When President Holland was elected in the summer, he suggested that Europe would turn against austerity and promote economic recovery as the most important objective. However, despite his early promises, the French budget is strongly deflationary. Given the state of the current French and Eurozone economy, this budget is likely to push France into prolonged recession and increase the unemployment rate (already above 10%)
Despite earlier criticising austerity, France has embraced the target of cutting the public deficit to 3% of GDP, from a forecast 4.5 % this year.
To do this, the government last week unveiled 20 billion euros in tax rises and a further 10 billion in spending cuts. This is country’s toughest budget in 30 years.
- Tax rises include an increase in the top marginal income-tax rate to 45% from 41%
- There is also a new special tax on incomes above €1 million ($1.3 million) at an overall rate of 75%.
- The richest will pay on average €140,000 more in taxes next year, the government said.
- By increasing taxes on the rich, the Socialist government have hoped it will be easier to be accepted by the rest of the population.
Will this budget (deflationary fiscal policy) in a recession help reduce long-term debt and solve France’s competitiveness problem?
French economic growth is forecast to be 0.1% for 2012. Growth in the last quarter was -0.2% (economist data)
Issues arising from the French budget
- France has already one of the highest tax rates in the developed world. Business leaders have threatened to leave the country in protest at 75% marginal tax rates.
- It may be noble to try and spread the ‘pain’ of the credit crunch. But, if 75% tax rates do cause people to move elsewhere, the tax revenue raised may be much less than expected.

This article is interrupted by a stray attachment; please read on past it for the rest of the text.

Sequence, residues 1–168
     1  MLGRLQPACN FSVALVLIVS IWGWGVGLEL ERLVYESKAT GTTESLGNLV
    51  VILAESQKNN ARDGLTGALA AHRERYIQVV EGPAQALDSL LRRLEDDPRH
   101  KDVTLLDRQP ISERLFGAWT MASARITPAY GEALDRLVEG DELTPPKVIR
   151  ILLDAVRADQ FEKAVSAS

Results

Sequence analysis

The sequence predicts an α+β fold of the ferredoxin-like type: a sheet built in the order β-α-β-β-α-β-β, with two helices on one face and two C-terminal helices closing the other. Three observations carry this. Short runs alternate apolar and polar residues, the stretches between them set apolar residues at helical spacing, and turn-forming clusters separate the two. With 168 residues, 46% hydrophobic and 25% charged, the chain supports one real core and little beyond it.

- France has one of the longest rates of retirement in the developed world. Just 39.7% of those aged 55 to 64 are in work – compared with 56.7pc in the UK and 57.7pc in Germany . Earlier this year, President Holland actually reduced the pension age for public sector workers to 60. With an ageing population and long-term budget deficit, increasing the retirement age would help productivity and reduce the long-term deficit – without adversely affecting economic growth. However, the budget has little to deal with long-term issues of falling competitiveness, poor productivity growth and an ageing population
- Evidence from southern Europe, suggests deflationary fiscal policy during a recession fails to reduce the Debt to GDP ratio. Deflationary fiscal policy (combined with declining exports) leads to lower growth and lower tax revenues. With shrinking GDP, tax rises are unlikely to alter the long-term debt structure.
- Why is Europe sticking to deficit reduction targets during a recession? The goal of 3% budget deficit does not make sense. (growth and stupidity pact back in 2009)
- The sad thing is that this budget imposes a lot of economic pain ‘higher taxes’ and lower growth, but, it is unlikely to reassure bond markets. Bond markets should want two things.
- economic growth and falling unemployment in the short term.
- Structural change in long-term (e.g. controlling growth in public sector spending, e.g. pensions and healthcare)
But, this budget will do neither.